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Downes Murray International News

Looking at the local culture of giving in Southern Africa

 In the African region we do not necessarily find commonalities as each country has different cultures and histories. However, most have a common history of colonialism, poor governance and, for many, on-going aid requirements.

The concept of “Ubuntu” is considered a key value in traditional African culture. It means “I am who I am because of who you are”.

This implies an interconnectedness between all people and embraces community. While many believe that the ideal of Ubuntu has lost its meaning, Ubuntu continues to function. This can be seen in South Africa when Zimbabwean immigrants and refugees combine their meagre resources to ensure that the bodies of the deceased can be shipped back to Zimbabwe for burial, or when the residents of Cape Town come together when fire threatens the city, volunteering their time, contributing water and food as well as financial resources.

Ubuntu is still functional and should be encouraged at all levels. In South Africa we have an emerging new elite – people who are often first time university graduates in their families and who are first generation wealth. There is always the criticism that they should be giving back to society and there are expectations that the public should be seeing grandiose donations. In reality, new wealth has massive demands on it. Individuals are expected to contribute to their extended families and there are significant obligations to their cultural roots. I predict that we are unlikely to see an immediate growth in formalised philanthropy until these obligations have been met.

Africa is a religious continent with various forms of Christianity as well as millions of Muslims. Faith-based giving falls into three categories: propagation of the faith; immediate charitable assistance to those of the same faith; and more extended social development amongst all inhabitants of their countries.

Faith based organisations play a significant role in the charitable sector and their contribution is considerable. Corporate giving has been in effect in South Africa since the 1970s with the disinvestment campaign to encourage foreign  companies to leave the country. The Sullivan Codes of that era outlined the conditions required for companies that chose to remain in South Africa. 

This included the importance of reinvesting in South African society, particularly to alleviate poverty. This led to a culture of corporate social investment which spread across the business sector and it remains to this day. However, corporate giving has been affected by the Broad-based Black Economic Empowerment (B-BBEE) legislation that compels corporate giving for socio-economic development. Companies receive certain rating points, depending on their social investment and it is important for companies to be able to measure how many black people benefited from this investment. As a result, the kinds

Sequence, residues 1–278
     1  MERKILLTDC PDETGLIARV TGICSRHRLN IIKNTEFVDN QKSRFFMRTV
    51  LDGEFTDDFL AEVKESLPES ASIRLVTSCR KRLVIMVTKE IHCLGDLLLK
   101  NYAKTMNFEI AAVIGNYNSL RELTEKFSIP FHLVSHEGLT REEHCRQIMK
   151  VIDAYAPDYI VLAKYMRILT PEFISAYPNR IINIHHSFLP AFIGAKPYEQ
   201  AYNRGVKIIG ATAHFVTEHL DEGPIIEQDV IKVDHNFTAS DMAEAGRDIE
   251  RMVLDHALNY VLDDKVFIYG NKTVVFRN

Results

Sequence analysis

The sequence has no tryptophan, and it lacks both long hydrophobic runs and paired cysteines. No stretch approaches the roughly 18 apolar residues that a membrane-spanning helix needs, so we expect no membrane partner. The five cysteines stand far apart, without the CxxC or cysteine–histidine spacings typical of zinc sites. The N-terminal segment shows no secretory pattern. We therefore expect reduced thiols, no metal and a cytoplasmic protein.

of civil society organisations that now receive corporate money are those that can count the output. This has skewed corporate giving to organisations that undertake clear service delivery rather than those organisations that might be more activist.

The Southern African region also has a number of community and re-granting foundations that undertake important work to uplift communities that cannot often access regular donations from international aid agencies, the corporate sector, or private foundations.

Lastly, private foundations have existed in South Africa since the 1930s. They were established by wealthy individuals and some have substantial endowments that have grown over time. Most of these foundations operate under the radar and there is currently no research that has been done to identify the size and scope of this sector.

The foundations are registered as non-profit grant-making organisations and focus on a wide range of areas. This sector has potential for growth and South Africa is starting to see the emergence of a new black elite, some of whom have established private foundations.

Currently, elements in this sector have come together to create a formal network called the Independent Philanthropy Association South Africa (IPASA) and this has led to a number of partnerships in their funding.

However, we estimate that members are really only the tip of the iceberg and that the size of local institutionalised philanthropy is considerable.

With acknowledgement to Shelagh Gastrow, Director, GastrowBloch Philanthropies.

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